So, in closing, again, I am not a medical doctor and therefore my opinions are exactly that - opinions. If you are concerned abou this, I encourage you to do more research into the matter, using scientific resources (studies, doctors, etc). If you find out anything, please let us know.
Good luck,
Keith

Allison said...

Everything I found did support the idea that cell phone radiation did affect the male reproductive system. One interesting article I found called, "Disadvantages of Cell Phones," stated that the radiation from cell phones altered the DNA in healthy sperm and that the altered DNA can't be fixed in the female reproductive system because of the location of the alterations. These mutated sperm has been shown to increase the chances of mental diseases, cancer, and birth defects.

I did find quite a few studies stating that the female reproductive system is also affected by cell phone radiation, but they did not specify what the effects were. Apparently, men need to worry a lot more than women, but I won't just forget about it.

Keith said...

Hi Allison,
If you found any particularly interesting sources in your research and would like to share them, I know that I for one would be really interested in seeing them, particularly if they are are peer-reviewed studies themselves or make use of such good quality data.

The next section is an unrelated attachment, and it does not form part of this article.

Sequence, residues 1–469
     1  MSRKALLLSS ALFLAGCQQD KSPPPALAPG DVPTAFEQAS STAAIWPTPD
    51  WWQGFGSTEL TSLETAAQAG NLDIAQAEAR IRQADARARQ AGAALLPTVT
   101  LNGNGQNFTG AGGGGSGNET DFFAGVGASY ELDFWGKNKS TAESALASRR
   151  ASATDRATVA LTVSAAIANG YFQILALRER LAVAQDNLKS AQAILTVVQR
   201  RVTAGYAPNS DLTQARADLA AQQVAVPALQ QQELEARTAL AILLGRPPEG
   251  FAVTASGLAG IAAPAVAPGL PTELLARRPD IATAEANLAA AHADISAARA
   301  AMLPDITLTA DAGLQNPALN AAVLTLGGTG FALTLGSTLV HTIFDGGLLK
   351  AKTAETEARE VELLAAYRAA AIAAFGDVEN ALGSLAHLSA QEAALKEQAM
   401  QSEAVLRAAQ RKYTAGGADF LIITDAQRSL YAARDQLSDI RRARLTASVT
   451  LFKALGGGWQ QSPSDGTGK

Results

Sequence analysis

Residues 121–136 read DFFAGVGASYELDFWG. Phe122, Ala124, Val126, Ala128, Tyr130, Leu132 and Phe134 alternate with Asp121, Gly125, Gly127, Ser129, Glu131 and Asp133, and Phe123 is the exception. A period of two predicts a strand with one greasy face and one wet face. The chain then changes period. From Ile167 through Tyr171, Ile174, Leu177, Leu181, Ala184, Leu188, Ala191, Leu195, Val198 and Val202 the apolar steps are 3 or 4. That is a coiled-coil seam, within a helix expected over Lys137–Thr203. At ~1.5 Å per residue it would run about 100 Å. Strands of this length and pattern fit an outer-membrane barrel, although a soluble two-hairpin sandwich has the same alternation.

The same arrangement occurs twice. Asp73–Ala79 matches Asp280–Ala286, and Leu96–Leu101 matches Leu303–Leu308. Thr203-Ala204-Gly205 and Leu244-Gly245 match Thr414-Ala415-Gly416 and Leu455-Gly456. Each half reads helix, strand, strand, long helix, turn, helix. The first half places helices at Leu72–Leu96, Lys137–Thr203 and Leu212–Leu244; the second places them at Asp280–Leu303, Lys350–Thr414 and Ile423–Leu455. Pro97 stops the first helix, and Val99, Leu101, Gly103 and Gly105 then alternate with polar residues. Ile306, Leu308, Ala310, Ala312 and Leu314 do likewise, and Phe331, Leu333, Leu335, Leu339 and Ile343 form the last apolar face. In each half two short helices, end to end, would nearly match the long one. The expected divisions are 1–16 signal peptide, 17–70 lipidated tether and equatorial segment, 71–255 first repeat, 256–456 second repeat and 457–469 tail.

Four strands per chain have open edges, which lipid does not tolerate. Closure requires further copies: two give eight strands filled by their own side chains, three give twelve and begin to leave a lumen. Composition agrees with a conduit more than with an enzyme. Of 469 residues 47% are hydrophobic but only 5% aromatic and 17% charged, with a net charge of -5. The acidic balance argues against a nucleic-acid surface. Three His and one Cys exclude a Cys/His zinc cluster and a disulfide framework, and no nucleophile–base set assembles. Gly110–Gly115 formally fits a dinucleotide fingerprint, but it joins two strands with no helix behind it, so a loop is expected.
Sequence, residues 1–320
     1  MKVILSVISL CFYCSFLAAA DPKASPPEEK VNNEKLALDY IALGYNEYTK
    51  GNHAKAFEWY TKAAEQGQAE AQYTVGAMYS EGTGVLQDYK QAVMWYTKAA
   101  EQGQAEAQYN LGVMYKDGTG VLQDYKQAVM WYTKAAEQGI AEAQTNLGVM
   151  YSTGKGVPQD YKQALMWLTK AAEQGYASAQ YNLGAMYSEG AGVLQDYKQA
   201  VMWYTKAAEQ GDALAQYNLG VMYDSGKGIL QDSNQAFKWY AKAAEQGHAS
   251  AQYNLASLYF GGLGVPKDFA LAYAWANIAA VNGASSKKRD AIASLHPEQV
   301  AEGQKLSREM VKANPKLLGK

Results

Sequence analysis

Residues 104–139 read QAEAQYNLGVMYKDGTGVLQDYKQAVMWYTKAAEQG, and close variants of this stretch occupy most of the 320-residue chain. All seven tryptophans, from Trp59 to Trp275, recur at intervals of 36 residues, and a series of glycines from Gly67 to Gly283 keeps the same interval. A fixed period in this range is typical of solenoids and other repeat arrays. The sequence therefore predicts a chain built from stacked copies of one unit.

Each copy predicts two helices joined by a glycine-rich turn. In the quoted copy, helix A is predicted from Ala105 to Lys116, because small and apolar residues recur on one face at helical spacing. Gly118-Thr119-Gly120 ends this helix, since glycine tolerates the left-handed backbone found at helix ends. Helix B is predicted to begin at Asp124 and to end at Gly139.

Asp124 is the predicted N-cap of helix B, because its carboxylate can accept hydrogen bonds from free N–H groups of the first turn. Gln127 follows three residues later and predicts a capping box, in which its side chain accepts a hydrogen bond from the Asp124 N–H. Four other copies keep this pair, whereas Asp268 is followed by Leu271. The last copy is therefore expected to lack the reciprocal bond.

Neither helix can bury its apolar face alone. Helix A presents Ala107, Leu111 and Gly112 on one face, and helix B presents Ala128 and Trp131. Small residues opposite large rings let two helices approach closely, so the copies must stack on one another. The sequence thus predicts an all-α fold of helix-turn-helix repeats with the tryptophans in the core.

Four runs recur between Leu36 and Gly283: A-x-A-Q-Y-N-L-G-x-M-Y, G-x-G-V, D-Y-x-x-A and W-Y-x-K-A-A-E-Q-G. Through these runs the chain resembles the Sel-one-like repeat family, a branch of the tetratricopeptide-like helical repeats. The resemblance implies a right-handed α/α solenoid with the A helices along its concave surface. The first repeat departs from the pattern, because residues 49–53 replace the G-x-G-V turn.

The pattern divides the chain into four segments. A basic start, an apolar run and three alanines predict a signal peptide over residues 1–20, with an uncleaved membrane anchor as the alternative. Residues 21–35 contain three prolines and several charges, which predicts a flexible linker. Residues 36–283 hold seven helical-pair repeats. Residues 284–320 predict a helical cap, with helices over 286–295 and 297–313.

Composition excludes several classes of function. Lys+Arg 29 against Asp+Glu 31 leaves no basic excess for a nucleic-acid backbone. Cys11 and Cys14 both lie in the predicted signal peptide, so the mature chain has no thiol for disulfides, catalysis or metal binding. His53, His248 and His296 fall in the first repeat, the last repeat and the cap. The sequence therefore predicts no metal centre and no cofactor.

I'm really enjoying your insights and enthusiasm for the subject.
Regards,
Keith

Allison said...

I wasn't able to re-find all the articles I read and in the course of a few days, I actually discovered more articles that are very interesting, including one study that found that cell phone radiation did not affect the testes. (I don't know how exactly to post links, so you can just click on them, so maybe this will work.)

http://www3.interscience.wiley.com/journal/104056192/abstract?CRETRY=1&SRETRY=0

http://educate-yourself.org/cn/neilcherrycellphonerisks07may01.shtml

http://www.ncbi.nlm.nih.gov/pubmed/18255134?ordinalpos=3&itool=EntrezSystem2.PEntrez.Pubmed.Pubmed_ResultsPanel.Pubmed_RVDocSum

http://www.ncbi.nlm.nih.gov/pubmed/18246230?ordinalpos=4&itool=EntrezSystem2.PEntrez.Pubmed.Pubmed_ResultsPanel.Pubmed_RVDocSum

The last two were found on pubmed.com, which has a good number of articles on the subject, including some about the affects of the radiation on chicken embryos. I just searched cell phone radiation + reproductive.